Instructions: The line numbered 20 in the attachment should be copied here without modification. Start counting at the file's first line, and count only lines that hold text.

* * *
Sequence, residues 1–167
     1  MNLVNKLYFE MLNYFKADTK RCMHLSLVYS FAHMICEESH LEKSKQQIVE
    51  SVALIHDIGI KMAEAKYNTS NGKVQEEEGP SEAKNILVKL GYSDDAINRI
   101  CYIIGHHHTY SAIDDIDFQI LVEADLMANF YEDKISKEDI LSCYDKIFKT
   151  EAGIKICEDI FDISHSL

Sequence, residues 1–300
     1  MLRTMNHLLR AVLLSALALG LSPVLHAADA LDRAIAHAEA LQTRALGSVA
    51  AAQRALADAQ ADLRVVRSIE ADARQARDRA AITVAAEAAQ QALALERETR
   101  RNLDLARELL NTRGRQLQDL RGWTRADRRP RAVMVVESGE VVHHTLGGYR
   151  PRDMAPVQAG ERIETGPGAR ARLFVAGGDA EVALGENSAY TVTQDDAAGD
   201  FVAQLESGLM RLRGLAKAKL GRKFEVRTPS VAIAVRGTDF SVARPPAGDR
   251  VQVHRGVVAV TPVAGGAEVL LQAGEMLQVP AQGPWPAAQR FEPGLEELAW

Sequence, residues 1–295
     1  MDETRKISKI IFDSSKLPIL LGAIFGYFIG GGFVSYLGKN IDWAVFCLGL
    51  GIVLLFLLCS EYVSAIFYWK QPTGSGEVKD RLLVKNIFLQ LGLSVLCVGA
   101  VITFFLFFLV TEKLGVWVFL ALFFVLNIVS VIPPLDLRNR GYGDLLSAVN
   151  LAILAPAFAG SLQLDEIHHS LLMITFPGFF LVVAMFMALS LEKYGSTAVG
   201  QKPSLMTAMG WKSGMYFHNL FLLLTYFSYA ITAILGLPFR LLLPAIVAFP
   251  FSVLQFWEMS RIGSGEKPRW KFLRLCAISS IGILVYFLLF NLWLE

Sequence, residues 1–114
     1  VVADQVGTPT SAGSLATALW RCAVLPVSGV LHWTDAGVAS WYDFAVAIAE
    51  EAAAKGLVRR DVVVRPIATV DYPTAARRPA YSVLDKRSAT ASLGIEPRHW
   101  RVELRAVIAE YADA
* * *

Sequence, residues 1–114